Legislative Assembly for the ACT: 2007 Week 4 Hansard (1 May) . . Page.. 710..
MR SMYTH (continuing):
As a member of the AFP's Senior Executive, Audrey was a full time member of the AFP's Executive Management Board. It is here that Audrey was making her most meaningful contributions to the AFP.
Audrey could deal with both the substance and the vision of the strategic thinking of the AFP's Executive Management Board. Her ability to provide timely and meaningful input into setting the direction of the AFP impressed us all.
In addition to the formal roles, Audrey would often take the time to involve herself in other activities in support of the organisation and the senior management team. Her role as the 'Bow' in the executive's first attempt at a corporate rowing regatta was typical of her commitment to the executive team when balancing her role as mother and Chief Police Officer. Without saying a word Audrey demonstrated to the rest of us that style and timing will win over brute strength every time.
Audrey never let an opportunity to participate in executive activities pass her by, which is why her popularity remained until her untimely passing on Friday 20 April, 2007.
Audrey quietly, but effectively, engaged all kinds of people, whether in the AFP or outside, and never forgot those who were facing their own personal challenges. Gwen Winchester, the wife of former Assistant Commissioner Colin Winchester, writes that 'Audrey made a point of keeping in touch with my family on a regular basis with afternoon teas in her office and Peter and I were invited recently to view a plaque in the foyer of the Winchester Centre.'
Assistant Commissioner Audrey Fagan leaves a legacy as an outstanding senior executive of the AFP who was also a mentor and caring leader and a role model for both women and men in the Australian Federal Police as well as the wider law enforcement community.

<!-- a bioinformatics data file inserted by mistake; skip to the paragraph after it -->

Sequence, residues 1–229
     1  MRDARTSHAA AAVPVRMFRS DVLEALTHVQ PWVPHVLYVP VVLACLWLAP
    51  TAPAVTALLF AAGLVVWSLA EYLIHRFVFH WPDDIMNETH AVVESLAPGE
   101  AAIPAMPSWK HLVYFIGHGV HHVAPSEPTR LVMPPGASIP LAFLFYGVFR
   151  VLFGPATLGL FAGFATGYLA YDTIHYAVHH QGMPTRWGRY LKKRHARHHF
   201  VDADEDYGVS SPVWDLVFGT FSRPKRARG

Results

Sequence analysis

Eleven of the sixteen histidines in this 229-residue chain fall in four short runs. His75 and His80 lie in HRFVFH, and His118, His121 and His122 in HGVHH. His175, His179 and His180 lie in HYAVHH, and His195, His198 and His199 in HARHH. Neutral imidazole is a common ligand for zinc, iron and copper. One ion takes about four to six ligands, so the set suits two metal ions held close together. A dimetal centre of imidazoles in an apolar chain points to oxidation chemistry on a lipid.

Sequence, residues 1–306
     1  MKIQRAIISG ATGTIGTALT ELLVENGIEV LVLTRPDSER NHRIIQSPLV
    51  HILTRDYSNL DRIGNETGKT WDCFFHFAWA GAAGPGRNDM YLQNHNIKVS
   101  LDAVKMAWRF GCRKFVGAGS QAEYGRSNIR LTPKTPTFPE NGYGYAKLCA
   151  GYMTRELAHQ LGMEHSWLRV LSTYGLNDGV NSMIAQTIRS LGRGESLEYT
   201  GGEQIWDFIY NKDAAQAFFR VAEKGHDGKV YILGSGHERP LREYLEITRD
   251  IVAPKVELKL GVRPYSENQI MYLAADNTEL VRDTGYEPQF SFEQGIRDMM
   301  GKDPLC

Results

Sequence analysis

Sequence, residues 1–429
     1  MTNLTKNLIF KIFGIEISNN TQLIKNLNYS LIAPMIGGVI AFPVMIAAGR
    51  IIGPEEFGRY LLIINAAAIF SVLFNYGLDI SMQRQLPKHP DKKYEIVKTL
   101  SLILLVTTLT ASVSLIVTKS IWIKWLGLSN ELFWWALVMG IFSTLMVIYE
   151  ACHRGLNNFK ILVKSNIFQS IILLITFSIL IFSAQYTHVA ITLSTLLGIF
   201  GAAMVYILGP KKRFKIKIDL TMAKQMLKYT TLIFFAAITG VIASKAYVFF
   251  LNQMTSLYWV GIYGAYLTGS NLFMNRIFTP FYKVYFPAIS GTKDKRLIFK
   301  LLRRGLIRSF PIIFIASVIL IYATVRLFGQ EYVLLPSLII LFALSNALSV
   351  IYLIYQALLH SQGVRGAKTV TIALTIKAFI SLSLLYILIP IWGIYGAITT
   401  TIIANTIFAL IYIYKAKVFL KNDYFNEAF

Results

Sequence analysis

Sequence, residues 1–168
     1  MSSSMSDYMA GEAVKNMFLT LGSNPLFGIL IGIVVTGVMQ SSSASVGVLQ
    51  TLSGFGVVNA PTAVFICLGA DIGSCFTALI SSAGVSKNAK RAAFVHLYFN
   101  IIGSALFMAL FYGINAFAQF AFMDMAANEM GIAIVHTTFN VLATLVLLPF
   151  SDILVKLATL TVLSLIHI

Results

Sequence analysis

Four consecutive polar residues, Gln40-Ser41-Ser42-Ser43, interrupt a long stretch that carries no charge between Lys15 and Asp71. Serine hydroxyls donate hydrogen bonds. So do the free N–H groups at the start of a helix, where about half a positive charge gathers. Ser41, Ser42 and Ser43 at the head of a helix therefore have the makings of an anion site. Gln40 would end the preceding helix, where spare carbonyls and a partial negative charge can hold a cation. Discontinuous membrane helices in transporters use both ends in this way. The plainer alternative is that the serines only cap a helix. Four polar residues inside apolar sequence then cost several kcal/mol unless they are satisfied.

MS MacDONALD (Brindabella): Mr Speaker, in the last week and a half we have all been shocked by the death of Audrey Fagan, and I think that at some point all of us have had one question run through our head: why?
I want to say a few words that are specifically for Audrey's daughter, Clair Phillips. As I said, we have all been struggling to understand this loss. As the days pass, our thoughts of Audrey will be fewer; we will move on with our lives. But you, Clair, are soon to embark on your adult life and you will take your mother with you in your heart for the rest of your life. For a long time, that love in your heart will hurt beyond belief, and at times you may think that it is too much to bear.
Clair, when I was 16 my father died. I never had to share my grief at his sudden death in such a public way. I think that you are the bravest girl in the whole world for sharing your thoughts last Friday. I can tell you one thing, though, Clair: some 21 years and seven months after my dad's death, I still miss him and I think of him every day.
My reason for telling you this is to let you know that, while you will miss your mum, you will be able to live the life of happiness that she wants for you. There will always